Home / AMERICAN NEWS / Google Joins Deforestation Fight By Launching Global Forest Watch Website

Google Joins Deforestation Fight By Launching Global Forest Watch Website

Google has designed a new website that will keep watch and track deforestation in real-time and across the world. The name of the newly created site is Global Forest Watch and is leveraged with the data of deforestation. It features curated maps along with in-depth coverage of the current deforestation scenario in any given region.

For centuries researchers have been studying forests and have proven the vital importance of ecosystems for human society. However, Google says the problem with this data is the lack of timely information, which is needed to be reliable about why forests are disappearing, when they will disappear if current scenarios continues, and where those will take place sooner or later.

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Image courtesy of Wikipedia

The Global Forest Watch website produced by the search giant Google itself is about to change all that. It is an online forest monitoring system available to anyone with an Internet connection around the globe.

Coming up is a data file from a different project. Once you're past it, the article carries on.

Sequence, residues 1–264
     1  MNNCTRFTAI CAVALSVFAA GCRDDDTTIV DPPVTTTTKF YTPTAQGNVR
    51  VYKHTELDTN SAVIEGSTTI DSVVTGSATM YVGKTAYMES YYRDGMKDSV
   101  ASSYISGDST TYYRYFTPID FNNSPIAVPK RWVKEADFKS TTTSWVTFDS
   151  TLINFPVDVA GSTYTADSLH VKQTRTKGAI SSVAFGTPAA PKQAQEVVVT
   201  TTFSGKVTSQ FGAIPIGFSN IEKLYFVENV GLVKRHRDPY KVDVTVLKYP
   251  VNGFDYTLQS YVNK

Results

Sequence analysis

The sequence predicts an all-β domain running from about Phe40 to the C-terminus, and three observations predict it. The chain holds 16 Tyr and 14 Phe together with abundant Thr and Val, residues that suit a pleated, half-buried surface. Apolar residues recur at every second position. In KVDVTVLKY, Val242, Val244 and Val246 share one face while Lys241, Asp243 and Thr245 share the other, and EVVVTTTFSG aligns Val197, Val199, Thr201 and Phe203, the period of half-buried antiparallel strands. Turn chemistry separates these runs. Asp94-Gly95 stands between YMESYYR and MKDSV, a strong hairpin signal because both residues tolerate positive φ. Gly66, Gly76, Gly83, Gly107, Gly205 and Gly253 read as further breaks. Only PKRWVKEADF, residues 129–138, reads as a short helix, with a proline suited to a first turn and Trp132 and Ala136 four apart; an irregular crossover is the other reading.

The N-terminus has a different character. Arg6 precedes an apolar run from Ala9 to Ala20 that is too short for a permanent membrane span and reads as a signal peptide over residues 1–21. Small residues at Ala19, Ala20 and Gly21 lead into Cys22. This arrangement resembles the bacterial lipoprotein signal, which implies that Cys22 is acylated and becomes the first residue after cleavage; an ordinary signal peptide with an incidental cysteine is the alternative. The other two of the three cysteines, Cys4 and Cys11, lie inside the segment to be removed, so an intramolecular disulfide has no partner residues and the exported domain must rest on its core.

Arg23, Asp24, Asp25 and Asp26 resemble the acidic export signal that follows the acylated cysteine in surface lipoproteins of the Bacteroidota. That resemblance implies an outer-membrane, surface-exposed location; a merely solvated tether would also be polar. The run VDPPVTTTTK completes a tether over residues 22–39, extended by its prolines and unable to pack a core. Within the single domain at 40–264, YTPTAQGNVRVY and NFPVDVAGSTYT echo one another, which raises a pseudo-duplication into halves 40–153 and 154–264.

World Resources Institute partnered with Google to create the site and system along with a team of more than 40 other partners.

The website will make use of the technology that includes Google’s own Earth Engine and the Maps Engine to track forests around the world with the help of satellite imagery. It will also detect changes taking place in forests in close to real-time. All the information will be made available for free to the general public through the World Wide Web.

With such advancement there are also a few limitations of Global Forest Watch. The first is it has been known that rainforests are often very cloudy. This makes satellite surveillance difficult to view.

Google data and the University of Maryland revealed that between 2000 and 2012 our planet lost over a staggering 500 million acres of forests. Google’s new Global Forest Watch website may help to combat this as people hav ethe ability at their finger tips to see real life deforestation right before their eyes.

About Chelsea Alves

  • green451

    Neat! The U.S. and many other countries manage timber forests quite well. Some do not. Perhaps a little sunlight will be the best antiseptic.

  • Chase Elliott

    What’s the deal with the sudden change in deforestation if you move the beginning timeline slider from year 2000 over to 2001? Based on the map if you look at the last 12yrs of data vs. the last 13, it seems to indicate MUCH larger rates of tree growth compared to loss…it’s as if they compiled all deforestation data from some time prior to 2000 and took the total loss and rolled it into one year. Can someone else verify this?


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